I couldn’t imagine engaging in the seemingly endless hours of hard work, study, writing, rewriting, and selling that a finished novel requires all for the vague hope of some magical payday at the end of that process if I had to add in getting up to speed with the massive, decades-old, and fan-intensive romance genre from a cold start. No glimpse into Danielle Steele’s surely-impressive royalty statement would change that.

If you’re in this—writing in general—for the money . . . wow, are there easier, faster, and less blue-sky ways to get rich in America than writing anything for anyone. It happens, yes, that some fantasy authors get huge paydays. It also happens that people win the lottery or get drafted in the first round for the NBA.

I get in on MegaMillions for a dollar every drawing, spend two bucks a week for the entertainment value I get from imagining what I would do with my winnings. Trust me, I’ve made no concrete plans based on that eventuality. It’s a wild possibility bet with a very, very low buy in: virtually no time at all, and a financial investment that amounts to pocket change. Why not give it a whirl?

I don’t play basketball and don’t watch basketball on TV, but I used to shoot baskets in the driveway sometimes when I was a kid, and they occasionally made us play basketball in gym class. I haven’t attended a gym class in at least thirty-four years, but why should that stop me? I could spend the next year doing nothing but practicing but at age fifty-two and with a decided lack of athletic skill I will not be drafted by the NBA. In fact, taking that year will bankrupt me, probably result in a wide range of physical injuries if not a fatal heart attack, and cause me to miss out on things I actually can do, love doing, and might even get rich doing—slowly, at least.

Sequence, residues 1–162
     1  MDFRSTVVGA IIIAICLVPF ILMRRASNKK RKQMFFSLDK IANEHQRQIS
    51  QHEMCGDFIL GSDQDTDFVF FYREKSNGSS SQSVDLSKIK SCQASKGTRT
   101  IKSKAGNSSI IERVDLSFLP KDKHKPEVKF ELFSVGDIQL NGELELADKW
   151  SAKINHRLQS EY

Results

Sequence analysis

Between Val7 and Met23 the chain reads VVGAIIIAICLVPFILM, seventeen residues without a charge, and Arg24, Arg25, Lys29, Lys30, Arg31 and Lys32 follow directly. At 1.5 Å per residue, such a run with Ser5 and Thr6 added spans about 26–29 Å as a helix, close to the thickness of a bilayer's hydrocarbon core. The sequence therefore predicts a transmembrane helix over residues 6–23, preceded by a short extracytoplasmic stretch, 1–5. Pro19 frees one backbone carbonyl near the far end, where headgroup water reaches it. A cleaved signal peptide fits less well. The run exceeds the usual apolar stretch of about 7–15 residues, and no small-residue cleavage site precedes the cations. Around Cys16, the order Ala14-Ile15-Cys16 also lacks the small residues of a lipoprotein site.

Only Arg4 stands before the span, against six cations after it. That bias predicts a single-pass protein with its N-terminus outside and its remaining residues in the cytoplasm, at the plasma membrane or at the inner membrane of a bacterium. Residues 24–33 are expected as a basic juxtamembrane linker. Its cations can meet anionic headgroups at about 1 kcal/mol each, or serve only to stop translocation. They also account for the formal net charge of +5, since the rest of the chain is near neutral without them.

I’ve established here that writing can be a very, very inexpensive business to start up, so not unlike the lottery in that regard, but where I might spend a few minutes every month or so buying a lottery ticket, it takes hundreds of hours at least to write a novel. Your investment in money may be small but your investment in time is huge. Do you really want to spend that time doing something you don’t really like in the hope of a possible but unlikely payday? Even at the same two dollars a week if I had to spend ten hours a week playing the lottery I wouldn’t do it. Full stop.

Same, then, for the basketball example. Would you put your next year at risk doing something you don’t really love on the way-outside chance of a million dollars?

I hope not.

But then if you were to ask me, “Hey Phil, would you spend about ten hours a week for the next year writing a fantasy, science fiction, or horror novel knowing you might make no money at all?” well . . . I have, I am, and I will.

I do it for the love of the game, and it’s that passion for the genres that fuels me, not the money. And I have found a way, as an editor, to make a living engaged in the work I love, leaving me some freedom to explore writing more as a passion than as a source of mortgage payments. I hope that comes through in the work, but if I have to write a romance novel to provide an adequate control group I’m happy to let that stay in the realm of the obvious but ultimately unprovable.


—Philip Athans

About Philip Athans

Philip Athans is the New York Times best-selling author of Annihilation and a dozen other books including The Guide to Writing Fantasy and Science Fiction, and Writing Monsters. His blog, Fantasy Author’s Handbook, ( is updated every Tuesday, and you can follow him on Twitter @PhilAthans.
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  1. Love this. Sharing it. 🙂